History suggests a lot if we are willing to listen. We ought to move to an alternative system if are to solve the inequalities which urban poor face in the wake of the ‘housing trap’. At present where economies are driven by globalisation and multilateralism, we must not side-line the private sector by merely blaming them for the problems. I would suggest that it is the right time to see solutions in them and find a ‘win-win’ situation for both – the private sector as well as the urban poor. Public-private partnerships (or PPPs) seem the viable option to rely upon in the future given that the post COVID-19 era is surely going to be different further escalating the vulnerabilities of the already marginalised.

Given that private firms are increasingly dis-investing from the Asian markets in the wake of COVID-19, the very first step these countries, which account for most of the urban poor, must be taking is the easing their respective country policies on foreign direct investment. This will, to some extent, ensure that private players remain present – if not active in the market. The PPP model for affordable housing must also involve government enthusiasm. Although as economies have been widely affected by COVID-19, they can potentially opt for various cross subsidy measures in favour of the market players investing in urban housing. The urban settlers could further be given their subsidies by the government as per their income, thereby accelerating their reach to get affordable housing. This subsidy for the urban poor should come directly from the funds allocated for them in the respective financial budget of the country. The next mandatory step should be sustainably providing this housing thereby creating an ecological and economic balance. The land for this could be either directly given by the government to private players or they can propose to work on the same. This measure is directly in accordance to the SDG Indicator 11.1.1 and UN SDSN Indicator 4 which focusses on the lives of urban poor living in formal and informal settlements deeply engraved into the cycle of poverty.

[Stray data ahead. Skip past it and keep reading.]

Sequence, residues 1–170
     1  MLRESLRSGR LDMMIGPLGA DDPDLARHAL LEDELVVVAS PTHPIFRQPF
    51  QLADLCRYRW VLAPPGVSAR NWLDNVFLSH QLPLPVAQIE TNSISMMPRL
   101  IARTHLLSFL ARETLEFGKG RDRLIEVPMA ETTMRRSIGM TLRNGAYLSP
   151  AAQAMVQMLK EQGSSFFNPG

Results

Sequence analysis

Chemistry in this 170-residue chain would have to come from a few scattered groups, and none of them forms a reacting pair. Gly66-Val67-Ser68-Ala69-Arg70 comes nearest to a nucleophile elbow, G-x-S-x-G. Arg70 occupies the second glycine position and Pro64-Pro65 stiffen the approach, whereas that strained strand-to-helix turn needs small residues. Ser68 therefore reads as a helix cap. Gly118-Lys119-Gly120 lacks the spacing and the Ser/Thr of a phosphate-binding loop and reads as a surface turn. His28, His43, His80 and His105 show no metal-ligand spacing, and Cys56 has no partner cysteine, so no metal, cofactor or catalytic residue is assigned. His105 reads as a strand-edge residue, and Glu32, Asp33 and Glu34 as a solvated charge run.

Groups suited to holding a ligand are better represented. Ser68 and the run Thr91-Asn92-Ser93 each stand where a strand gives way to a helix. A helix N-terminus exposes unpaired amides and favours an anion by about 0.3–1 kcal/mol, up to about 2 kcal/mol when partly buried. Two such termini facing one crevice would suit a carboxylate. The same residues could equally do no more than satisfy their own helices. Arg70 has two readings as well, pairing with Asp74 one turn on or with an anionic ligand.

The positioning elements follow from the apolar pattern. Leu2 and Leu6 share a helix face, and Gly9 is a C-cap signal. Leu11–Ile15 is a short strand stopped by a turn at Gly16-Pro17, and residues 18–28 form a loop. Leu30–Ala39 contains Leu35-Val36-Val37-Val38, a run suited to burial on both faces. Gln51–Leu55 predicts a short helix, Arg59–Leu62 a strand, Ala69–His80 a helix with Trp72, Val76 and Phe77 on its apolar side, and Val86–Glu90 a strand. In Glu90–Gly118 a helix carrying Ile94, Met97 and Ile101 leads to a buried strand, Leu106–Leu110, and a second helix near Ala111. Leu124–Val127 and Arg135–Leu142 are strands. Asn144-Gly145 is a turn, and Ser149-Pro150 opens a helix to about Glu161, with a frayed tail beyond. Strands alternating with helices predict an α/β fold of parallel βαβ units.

The ‘win-win’ situation as I mentioned earlier relates to the long-term benefits which private players will be getting. Once these urban settlements are dealt with, the emergence of ‘urban sustainable areas’ would not take much time. These would further prove beneficial to private firms and governments investing in the circular economy. The likely sustainable hubs which would be created, even though on a smaller scale at the initial stage, will embolden further investments ­– as well as cheap and affordable labour for the private player. Private firms which would be investing in these schemes will further be able to expand the reach of their products in nearby markets with a stable capital investment in the long run.

In the end, the ‘win-win’ scenario for governments, the urban poor, as well as private players is likely to emerge if the needed enthusiasm for the PPP model is shown, especially by governments. One of the methods could be increasing corporate social responsibility by judicial intervention making it mandatory for private firms to invest some amount of their profit for the people whom they mainly see as ‘customers’ or ‘tool for profit-making’. In any case, it is high time that stakeholders pull up their socks and work upon the concerned issue to achieve sustainability in the housing sector.